Kidder’s body was cremated soon after her death. But Peacock hopes to be involved in the scattering of her ashes when he returns from Africa.
‘She told me she was going to put in her will that she wanted me to scatter her ashes in an impossible-to-find valley in the Absaroka Mountains. It was her favorite spot.
‘But I haven’t heard from her lawyer, so I don’t know whether that will happen.’
Kidder’s brother, John, a Green Party politician from British Columbia, Canada, traveled to Livingston, after his sister’s death. Margot had campaigned for him over the years.
Kidder had lived in the center of Livingston for the past 19 years. She was often seen riding her bicycle around town. That bike was still parked outside the home four days after her death. A yellow coroner’s tape sealed the door warning people to keep out. A woman at the house told DailyMail.com she wasn’t ready to talk.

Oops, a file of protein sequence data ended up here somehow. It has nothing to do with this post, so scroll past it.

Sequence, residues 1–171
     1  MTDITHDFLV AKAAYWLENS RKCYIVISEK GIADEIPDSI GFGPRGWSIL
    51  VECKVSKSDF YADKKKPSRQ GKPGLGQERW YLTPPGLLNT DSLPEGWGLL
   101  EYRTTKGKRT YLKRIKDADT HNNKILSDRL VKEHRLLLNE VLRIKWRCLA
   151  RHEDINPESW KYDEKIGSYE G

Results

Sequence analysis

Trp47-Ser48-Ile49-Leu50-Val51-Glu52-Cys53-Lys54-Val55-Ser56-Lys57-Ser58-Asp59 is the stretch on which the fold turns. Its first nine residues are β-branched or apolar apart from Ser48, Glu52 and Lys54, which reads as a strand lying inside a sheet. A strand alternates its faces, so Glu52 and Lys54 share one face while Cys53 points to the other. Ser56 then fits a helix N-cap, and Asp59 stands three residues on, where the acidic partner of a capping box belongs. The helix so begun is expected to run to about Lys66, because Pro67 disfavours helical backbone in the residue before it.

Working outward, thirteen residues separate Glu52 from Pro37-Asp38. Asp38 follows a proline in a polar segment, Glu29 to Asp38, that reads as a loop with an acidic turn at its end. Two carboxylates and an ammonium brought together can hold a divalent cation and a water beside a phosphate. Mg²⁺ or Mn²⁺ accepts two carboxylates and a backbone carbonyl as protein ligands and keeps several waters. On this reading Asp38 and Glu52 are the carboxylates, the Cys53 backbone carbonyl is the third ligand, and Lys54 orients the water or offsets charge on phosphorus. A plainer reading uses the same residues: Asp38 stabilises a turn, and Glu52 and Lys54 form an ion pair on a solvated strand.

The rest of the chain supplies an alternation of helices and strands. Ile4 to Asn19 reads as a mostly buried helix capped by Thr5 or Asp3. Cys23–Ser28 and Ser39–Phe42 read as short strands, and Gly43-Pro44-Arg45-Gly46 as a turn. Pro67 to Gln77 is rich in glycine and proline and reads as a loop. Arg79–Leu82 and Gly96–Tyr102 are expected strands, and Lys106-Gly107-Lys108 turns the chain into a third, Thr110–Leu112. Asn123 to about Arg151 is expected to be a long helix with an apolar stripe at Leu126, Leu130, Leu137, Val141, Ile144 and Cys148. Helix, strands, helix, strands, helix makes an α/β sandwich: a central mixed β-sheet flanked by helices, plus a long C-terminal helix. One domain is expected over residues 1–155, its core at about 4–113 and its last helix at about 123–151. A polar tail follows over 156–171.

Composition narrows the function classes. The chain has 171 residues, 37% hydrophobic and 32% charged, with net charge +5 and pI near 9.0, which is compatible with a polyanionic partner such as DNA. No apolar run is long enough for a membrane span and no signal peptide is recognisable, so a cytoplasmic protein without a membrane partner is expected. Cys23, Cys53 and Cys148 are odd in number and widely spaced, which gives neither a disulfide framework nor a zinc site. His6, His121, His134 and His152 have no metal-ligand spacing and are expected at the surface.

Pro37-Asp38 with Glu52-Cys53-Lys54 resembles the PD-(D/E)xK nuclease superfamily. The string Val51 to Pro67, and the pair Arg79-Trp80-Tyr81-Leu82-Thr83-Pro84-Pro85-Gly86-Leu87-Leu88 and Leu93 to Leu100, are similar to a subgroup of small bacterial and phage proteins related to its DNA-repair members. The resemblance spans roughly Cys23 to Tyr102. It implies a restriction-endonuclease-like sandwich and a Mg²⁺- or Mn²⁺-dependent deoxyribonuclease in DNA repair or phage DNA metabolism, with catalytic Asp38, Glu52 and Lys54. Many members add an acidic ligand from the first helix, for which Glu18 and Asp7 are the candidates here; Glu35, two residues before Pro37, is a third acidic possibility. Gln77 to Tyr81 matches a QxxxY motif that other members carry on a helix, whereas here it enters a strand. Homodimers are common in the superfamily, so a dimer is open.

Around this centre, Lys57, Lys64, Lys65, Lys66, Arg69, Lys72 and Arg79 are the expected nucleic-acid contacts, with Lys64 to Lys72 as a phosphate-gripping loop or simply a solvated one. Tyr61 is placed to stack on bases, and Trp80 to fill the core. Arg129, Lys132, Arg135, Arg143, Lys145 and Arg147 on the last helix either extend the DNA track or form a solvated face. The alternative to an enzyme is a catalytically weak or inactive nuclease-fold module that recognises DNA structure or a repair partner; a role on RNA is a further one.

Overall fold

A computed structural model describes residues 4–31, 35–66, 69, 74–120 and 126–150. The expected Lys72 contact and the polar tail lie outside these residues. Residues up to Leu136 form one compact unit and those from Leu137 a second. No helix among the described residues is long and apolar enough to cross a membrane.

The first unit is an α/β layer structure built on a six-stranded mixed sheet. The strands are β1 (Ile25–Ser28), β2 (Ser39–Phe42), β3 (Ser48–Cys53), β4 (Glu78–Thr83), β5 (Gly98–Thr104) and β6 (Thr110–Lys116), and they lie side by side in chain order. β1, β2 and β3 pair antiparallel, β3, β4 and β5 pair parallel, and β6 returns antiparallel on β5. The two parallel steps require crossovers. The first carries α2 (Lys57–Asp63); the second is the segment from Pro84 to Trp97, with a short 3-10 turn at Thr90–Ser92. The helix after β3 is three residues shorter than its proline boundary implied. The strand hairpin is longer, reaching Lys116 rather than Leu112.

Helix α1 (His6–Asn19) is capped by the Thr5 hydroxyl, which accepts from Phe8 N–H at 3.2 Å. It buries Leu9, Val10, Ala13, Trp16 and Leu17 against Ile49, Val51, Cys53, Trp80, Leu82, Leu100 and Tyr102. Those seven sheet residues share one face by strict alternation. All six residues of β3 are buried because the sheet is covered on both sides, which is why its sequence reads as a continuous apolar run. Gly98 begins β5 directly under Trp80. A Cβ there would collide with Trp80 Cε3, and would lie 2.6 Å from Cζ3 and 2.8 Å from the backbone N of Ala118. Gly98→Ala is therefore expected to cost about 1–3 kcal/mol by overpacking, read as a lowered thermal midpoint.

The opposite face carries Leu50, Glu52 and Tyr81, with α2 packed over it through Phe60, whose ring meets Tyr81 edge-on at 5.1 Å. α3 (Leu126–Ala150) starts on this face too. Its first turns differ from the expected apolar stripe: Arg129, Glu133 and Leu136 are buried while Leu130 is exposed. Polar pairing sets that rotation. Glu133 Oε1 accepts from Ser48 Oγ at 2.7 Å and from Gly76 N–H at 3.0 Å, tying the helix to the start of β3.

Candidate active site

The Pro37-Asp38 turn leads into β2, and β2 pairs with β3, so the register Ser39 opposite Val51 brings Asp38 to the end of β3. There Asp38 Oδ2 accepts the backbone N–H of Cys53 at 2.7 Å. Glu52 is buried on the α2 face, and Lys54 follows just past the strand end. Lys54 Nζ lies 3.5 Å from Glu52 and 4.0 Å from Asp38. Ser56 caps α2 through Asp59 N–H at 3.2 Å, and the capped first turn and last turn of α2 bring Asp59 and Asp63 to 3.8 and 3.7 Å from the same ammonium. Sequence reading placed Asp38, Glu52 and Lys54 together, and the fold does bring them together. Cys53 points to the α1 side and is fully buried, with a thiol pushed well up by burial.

The family’s only comment was a statement from her son-in-law, Chad Franscoviak. ‘On Mother’s Day, my wife, Maggie McGuane, was brought by the Park County Coroner and Livingston Police Department into her mother Margot Kidder’s home following her death, Franscoviak said.
‘The experience has been difficult for her and she is choosing not to make public comment until after the findings of the Park County Coroner’s office have been released. We ask that you respect our family’s privacy during this sad time.’
Kidder married three times, but none of them lasted more than 18 months. She originally visited Livingston with first husband Thomas McGuane, who directed her in the movie 92 In The Shade, and fell in love with the area.
But her marriage broke up soon after as McGuane was having an affair with her co-star Elizabeth Ashley.
She was also married to actor John Heard for six days and French director Philippe de Broca. She famously had affairs with former Canadian prime minister Pierre Trudeau and directors Steven Spielberg and Brian de Palma. Maggie, 42, was her only child.
After her third marriage fell apart in 1984, she said she preferred her dogs to men.
Peacock remembered her as someone who loved dogs ‘more than anyone I knew.’ He said he had helped her bury one of her pets.